271067 Characterization of Acellular Matrix Derived From ESC Aggregates As Bioactive Scaffolds

Wednesday, October 31, 2012: 10:18 AM
Somerset West (Westin )
Sébastien Sart, Teng Ma and Yan Li, Chemical and Biomedical Engineering, Florida State University, Tallahassee, FL

In recent years, embryonic stem cells (ESCs) have emerged as a powerful tool for the potential treatment of various incurable diseases. For therapeutic perspectives, mimicking stem cell niche or microenvironment, including ad equate cell-cell interactions and combination of extracellular matrix (ECM) molecules and biochemical factors, is essential for efficient pluripotent stem cell (PSC) expansion and differentiation.  Acellular matrices derived from ESC aggregates, undifferentiated or embryoid bodies (EBs), can serve as potential scaffolds providing a more controlled bioactive three-dimensional microenvironment.

In this study, different chemical acellularization methods (i.e. Triton X-100, ammonia solution, SDS, and their combinations) are compared in association with DNAse treatment.  The optimized protocol efficiently preserves ECM expression and improves DNA removal of ESC aggregates. These results highlight that the various defined structures generated from ESC aggregates could be efficiently acellularized and used as intact ECM-derived scaffolds.  Next, ECM (fibronectin, laminin, collagen type IV, and vitronectin) expression is kinetically assessed for ESC monolayer, undifferentiated aggregates, and differentiated EBs with or without acellularization. Confocal microscopy and in situ ELISA are used to characterize ECM expression qualitatively and quantitatively.  It is observed that ECM expression pattern is dynamically remodeled during expansion and differentiation. These results indicate that various culture conditions enable to generate different ESC-derived structures composed of specific ECM molecules composition.  Finally, to prove the effectiveness of such scaffolds for ESC expansion and differentiation, undifferentiated ESCs are seeded on these ESC-ECM derived scaffolds and the markers of pluripotency and lineage differentiation are kinetically monitored to measure the degree of stemness and commitment of the newly seeded cells.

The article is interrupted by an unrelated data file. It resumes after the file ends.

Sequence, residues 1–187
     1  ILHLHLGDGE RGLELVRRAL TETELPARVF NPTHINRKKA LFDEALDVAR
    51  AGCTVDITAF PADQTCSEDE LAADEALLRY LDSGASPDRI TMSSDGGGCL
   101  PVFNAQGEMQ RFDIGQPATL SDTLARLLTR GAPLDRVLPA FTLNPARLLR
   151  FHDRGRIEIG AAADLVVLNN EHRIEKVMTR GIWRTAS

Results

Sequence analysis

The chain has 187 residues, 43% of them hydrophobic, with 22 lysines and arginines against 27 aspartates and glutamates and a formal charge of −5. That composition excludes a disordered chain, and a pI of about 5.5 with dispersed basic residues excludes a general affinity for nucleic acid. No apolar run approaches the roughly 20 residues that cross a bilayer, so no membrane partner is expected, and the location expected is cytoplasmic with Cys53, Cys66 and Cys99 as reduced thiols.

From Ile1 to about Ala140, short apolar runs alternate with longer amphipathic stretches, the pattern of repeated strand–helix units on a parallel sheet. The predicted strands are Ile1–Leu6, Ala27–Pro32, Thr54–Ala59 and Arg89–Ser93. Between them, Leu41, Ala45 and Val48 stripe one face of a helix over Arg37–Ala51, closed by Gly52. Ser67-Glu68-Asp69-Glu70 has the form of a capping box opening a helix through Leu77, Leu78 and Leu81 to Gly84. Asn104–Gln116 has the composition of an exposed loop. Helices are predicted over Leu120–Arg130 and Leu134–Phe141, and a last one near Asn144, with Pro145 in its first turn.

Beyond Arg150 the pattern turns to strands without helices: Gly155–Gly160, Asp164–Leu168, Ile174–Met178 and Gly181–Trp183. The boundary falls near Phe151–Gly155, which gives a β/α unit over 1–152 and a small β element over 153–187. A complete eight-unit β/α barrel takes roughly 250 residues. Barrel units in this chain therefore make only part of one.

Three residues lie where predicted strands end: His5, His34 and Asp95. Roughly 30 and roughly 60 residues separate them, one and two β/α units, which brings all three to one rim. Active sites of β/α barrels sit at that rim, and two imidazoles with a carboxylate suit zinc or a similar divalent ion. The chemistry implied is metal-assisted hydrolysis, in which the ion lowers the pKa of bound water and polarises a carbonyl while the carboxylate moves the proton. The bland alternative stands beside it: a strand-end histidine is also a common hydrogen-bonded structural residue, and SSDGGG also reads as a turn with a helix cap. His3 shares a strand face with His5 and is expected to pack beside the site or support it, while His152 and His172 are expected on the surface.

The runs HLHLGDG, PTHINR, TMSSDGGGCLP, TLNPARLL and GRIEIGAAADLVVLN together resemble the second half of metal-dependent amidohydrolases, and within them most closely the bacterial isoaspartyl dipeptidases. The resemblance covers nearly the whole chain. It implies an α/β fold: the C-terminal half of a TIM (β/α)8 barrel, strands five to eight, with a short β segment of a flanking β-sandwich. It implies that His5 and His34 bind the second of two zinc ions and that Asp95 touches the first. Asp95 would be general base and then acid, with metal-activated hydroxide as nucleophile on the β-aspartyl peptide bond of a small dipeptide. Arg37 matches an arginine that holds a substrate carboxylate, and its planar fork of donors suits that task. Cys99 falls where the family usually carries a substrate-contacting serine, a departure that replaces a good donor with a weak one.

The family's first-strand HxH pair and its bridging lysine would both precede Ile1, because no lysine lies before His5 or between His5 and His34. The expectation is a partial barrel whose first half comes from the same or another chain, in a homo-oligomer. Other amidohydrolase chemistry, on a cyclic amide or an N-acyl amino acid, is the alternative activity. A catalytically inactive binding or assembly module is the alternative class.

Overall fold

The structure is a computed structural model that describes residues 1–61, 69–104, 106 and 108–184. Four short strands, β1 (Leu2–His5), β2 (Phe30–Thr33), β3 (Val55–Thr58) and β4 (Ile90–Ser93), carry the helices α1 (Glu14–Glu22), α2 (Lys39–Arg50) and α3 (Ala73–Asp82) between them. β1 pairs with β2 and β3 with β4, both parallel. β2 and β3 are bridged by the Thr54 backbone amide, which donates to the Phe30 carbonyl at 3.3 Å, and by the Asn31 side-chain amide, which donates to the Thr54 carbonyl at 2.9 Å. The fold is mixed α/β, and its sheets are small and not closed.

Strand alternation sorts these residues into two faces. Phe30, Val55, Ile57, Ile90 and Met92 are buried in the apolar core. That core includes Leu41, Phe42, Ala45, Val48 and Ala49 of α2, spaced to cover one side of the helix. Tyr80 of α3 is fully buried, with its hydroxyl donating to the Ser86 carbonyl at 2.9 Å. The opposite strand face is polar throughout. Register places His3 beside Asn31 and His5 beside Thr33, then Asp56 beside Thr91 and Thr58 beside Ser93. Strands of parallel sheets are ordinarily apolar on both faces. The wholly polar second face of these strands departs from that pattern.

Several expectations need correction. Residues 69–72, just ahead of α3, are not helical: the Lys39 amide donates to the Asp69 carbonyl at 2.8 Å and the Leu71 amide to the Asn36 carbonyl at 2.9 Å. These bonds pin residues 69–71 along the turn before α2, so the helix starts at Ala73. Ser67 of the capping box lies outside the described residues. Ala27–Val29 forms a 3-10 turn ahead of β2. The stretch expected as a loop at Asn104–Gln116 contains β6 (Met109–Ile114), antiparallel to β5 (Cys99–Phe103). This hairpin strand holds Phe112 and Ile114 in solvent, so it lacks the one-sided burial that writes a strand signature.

In summary, these results open the way towards the development of characterized bioactive scaffolds for more rapid and homogeneous ESC expansion and specific lineage differentiation.

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